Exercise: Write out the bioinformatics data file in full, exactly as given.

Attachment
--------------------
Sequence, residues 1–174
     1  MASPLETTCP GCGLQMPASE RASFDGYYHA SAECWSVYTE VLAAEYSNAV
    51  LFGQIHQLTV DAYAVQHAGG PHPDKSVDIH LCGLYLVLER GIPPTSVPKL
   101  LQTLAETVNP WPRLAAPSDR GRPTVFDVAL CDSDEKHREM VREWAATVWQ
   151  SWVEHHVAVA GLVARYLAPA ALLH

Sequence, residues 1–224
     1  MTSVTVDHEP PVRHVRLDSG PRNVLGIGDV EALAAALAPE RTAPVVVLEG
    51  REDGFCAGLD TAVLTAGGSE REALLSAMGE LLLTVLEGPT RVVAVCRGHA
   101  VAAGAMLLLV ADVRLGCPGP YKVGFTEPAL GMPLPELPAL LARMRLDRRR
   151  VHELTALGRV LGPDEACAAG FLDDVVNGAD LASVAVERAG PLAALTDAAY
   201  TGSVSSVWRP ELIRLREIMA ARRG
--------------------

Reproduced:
Sequence, residues 1–174
     1  MASPLETTCP GCGLQMPASE RASFDGYYHA SAECWSVYTE VLAAEYSNAV
    51  LFGQIHQLTV DAYAVQHAGG PHPDKSVDIH LCGLYLVLER GIPPTSVPKL
   101  LQTLAETVNP WPRLAAPSDR GRPTVFDVAL CDSDEKHREM VREWAATVWQ
   151  SWVEHHVAVA GLVARYLAPA ALLH

Sequence, residues 1–224
     1  MTSVTVDHEP PVRHVRLDSG PRNVLGIGDV EALAAALAPE RTAPVVVLEG
    51  REDGFCAGLD TAVLTAGGSE REALLSAMGE LLLTVLEGPT RVVAVCRGHA
   101  VAAGAMLLLV ADVRLGCPGP YKVGFTEPAL GMPLPELPAL LARMRLDRRR
   151  VHELTALGRV LGPDEACAAG FLDDVVNGAD LASVAVERAG PLAALTDAAY
   201  TGSVSSVWRP ELIRLREIMA ARRG